By most accounts Washington, DC, is no place to live. The city seems unable to reconcile its duties as "capitol of the free world" with a sense of neighborliness. Nowhere is this more apparent than Dupont Circle, the city's premier downtown neighborhood.

The streets surrounding Dupont Circle are home to a powerful collection of the official representatives and professional interest-pleaders, all participants in Washington's unique urban economy. Close at hand one can find a random array of peculiar stone and marble piles: the embassies of Slovenia, Zimbabwe, Nicaragua and Belarus; the Special Libraries Association, the Order of Eastern Star, and the building where cotton is still king: the National Cotton Council of America. Even a small, random sample of these portentous yet obscure institutions gives a sense of how this little world, for all its assumption of influence, remains strangely undercover and invisible. If you simply live here, it's reasonable to go about daily life with a sense – made evermore unsettling by this invisibility – that your life is being lived on someone else's stage.

With Dupont Circle the set for such an impersonal drama of political representation, one might be pleased to stumble upon some evidence of more local, intimate concerns. How thoughtful, then, of a nearby merchant to step in and provide just that.

Amidst the hurry and flurry, where P St. joins the circle on its western side, sits a CVS drugstore. In the display cases fronting P, CVS has given over its advertising space to a collection of historical photos depicting the Dupont Circle area at various moments of the twentieth century. Nine framed street scenes, ranging from 1923 to 1968, hover before three giant aerial backdrops of the city taken, from left to right, in 1986, 1938 and 1993.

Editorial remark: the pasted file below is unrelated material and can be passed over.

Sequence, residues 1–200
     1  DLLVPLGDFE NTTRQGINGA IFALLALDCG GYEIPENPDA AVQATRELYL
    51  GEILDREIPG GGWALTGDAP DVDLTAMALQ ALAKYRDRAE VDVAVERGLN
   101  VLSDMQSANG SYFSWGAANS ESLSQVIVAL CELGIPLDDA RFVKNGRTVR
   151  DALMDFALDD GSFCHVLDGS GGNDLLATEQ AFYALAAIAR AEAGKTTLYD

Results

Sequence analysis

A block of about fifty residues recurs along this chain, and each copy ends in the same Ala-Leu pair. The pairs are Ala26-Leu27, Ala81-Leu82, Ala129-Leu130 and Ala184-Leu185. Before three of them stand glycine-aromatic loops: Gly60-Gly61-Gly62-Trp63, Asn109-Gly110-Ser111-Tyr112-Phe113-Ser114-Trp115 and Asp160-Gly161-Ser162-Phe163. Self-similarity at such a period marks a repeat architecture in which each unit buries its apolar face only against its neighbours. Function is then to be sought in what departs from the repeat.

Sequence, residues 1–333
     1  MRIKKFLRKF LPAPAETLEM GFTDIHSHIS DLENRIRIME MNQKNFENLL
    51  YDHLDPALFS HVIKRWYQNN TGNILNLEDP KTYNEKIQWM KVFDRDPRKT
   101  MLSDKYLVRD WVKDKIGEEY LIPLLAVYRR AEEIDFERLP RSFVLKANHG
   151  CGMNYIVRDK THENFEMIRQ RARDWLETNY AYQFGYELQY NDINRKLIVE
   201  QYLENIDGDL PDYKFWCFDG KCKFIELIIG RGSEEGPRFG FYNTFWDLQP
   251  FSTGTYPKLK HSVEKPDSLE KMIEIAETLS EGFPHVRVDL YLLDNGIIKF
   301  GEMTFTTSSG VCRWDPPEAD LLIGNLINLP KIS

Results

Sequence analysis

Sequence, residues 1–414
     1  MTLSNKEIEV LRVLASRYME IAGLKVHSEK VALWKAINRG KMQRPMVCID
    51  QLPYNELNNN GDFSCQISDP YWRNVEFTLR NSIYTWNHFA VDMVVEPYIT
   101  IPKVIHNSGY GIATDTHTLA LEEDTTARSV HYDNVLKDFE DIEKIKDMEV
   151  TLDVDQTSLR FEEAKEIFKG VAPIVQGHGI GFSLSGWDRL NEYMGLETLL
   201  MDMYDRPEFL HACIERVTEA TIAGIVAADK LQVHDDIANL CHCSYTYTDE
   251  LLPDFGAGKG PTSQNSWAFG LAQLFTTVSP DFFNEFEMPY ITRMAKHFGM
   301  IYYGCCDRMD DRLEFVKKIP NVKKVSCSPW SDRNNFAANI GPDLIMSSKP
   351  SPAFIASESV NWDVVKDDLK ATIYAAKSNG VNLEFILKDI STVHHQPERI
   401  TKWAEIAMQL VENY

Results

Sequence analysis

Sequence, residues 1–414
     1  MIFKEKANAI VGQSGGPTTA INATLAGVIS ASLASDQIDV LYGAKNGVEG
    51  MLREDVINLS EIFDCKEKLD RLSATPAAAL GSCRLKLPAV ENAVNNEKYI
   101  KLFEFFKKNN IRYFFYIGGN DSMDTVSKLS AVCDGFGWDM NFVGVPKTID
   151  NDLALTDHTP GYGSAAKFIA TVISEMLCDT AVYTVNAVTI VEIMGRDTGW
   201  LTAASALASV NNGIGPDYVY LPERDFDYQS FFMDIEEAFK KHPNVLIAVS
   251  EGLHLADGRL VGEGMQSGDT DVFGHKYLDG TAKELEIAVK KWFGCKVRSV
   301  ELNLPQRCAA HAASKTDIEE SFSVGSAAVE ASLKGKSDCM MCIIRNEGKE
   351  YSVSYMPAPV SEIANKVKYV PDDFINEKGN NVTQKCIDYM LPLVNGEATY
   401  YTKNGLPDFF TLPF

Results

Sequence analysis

The exhibit's seductive beauty is due, in part, to the palpable immediacy with which old photographs bring the past into the present. Such sepia displays never fail to raise a lump in my throat for the way they appear to show, to corrupt a phrase of James Agee's, "the cruel radiance of what was." But it's more than that, too. Looking into these CVS windows one sees not only into the past, but into the street-scenes, down over the city and, reflected in the glass of the display cases, traces of oneself and the present urban landscape. The windows offer a small glimmer of connection, a faint, reflected residue of livability. Suddenly you can find a past for your everyday life here, not just strings of monuments and the busy back and forth of official significance.

Of course, the lure of such nostalgic fantasy is inextricably entwined with the fact that the photographs remain a kind of advertising. Combining advertising and history the instantaneous, always new with the fading, dissolving old – CVS is selling us our nostalgia for a livable city that seems to have once existed. What does it mean that this company has volunteered, here in this place, to produce memories for us?

America's largest drugstore and pharmacy concern with more than 4,000 outlets nationwide, CVS operates in 24 states and the District of Columbia. It vaulted into the drug store big leagues in 1990 with the acquisition of Peoples Drugs, a regional chain (owned at the time by a Canadian conglomerate) that had its origins as a local Washington institution before the Second World War. Since then CVS has not only bought out the national drug giant Revco, but also aggressively moved in on the dwindling number of independent drug stores. In 1996, for instance, CVS, amidst a flurry of community outrage, acquired Higgers, a local institution founded in 1930 on upper Connecticut Avenue. Around the same time they became involved in a battle with residents of the Palisades neighborhood over their purchase of the MacArthur movie theatre. Despite stringent community opposition a CVS occupies the Art Deco theatre building today; the CVS sign hanging almost shamefacedly below the huge neon MacArthur marquee.